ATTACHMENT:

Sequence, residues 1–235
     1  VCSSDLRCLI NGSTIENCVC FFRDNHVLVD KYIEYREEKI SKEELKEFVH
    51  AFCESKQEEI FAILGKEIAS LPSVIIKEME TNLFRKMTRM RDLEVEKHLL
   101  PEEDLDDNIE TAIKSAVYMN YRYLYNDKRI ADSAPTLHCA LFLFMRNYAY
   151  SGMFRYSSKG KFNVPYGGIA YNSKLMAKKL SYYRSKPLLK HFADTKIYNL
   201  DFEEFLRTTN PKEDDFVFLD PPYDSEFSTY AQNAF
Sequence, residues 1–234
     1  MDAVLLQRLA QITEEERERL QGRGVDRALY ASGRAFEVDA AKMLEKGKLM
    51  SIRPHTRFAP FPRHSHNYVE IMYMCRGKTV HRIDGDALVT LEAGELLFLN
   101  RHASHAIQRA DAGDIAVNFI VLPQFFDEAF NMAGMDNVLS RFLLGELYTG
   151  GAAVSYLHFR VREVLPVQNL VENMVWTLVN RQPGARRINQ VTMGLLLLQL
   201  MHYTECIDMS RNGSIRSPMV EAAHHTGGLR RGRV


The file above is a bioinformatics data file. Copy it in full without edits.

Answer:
Sequence, residues 1–235
     1  VCSSDLRCLI NGSTIENCVC FFRDNHVLVD KYIEYREEKI SKEELKEFVH
    51  AFCESKQEEI FAILGKEIAS LPSVIIKEME TNLFRKMTRM RDLEVEKHLL
   101  PEEDLDDNIE TAIKSAVYMN YRYLYNDKRI ADSAPTLHCA LFLFMRNYAY
   151  SGMFRYSSKG KFNVPYGGIA YNSKLMAKKL SYYRSKPLLK HFADTKIYNL
   201  DFEEFLRTTN PKEDDFVFLD PPYDSEFSTY AQNAF
Sequence, residues 1–234
     1  MDAVLLQRLA QITEEERERL QGRGVDRALY ASGRAFEVDA AKMLEKGKLM
    51  SIRPHTRFAP FPRHSHNYVE IMYMCRGKTV HRIDGDALVT LEAGELLFLN
   101  RHASHAIQRA DAGDIAVNFI VLPQFFDEAF NMAGMDNVLS RFLLGELYTG
   151  GAAVSYLHFR VREVLPVQNL VENMVWTLVN RQPGARRINQ VTMGLLLLQL
   201  MHYTECIDMS RNGSIRSPMV EAAHHTGGLR RGRV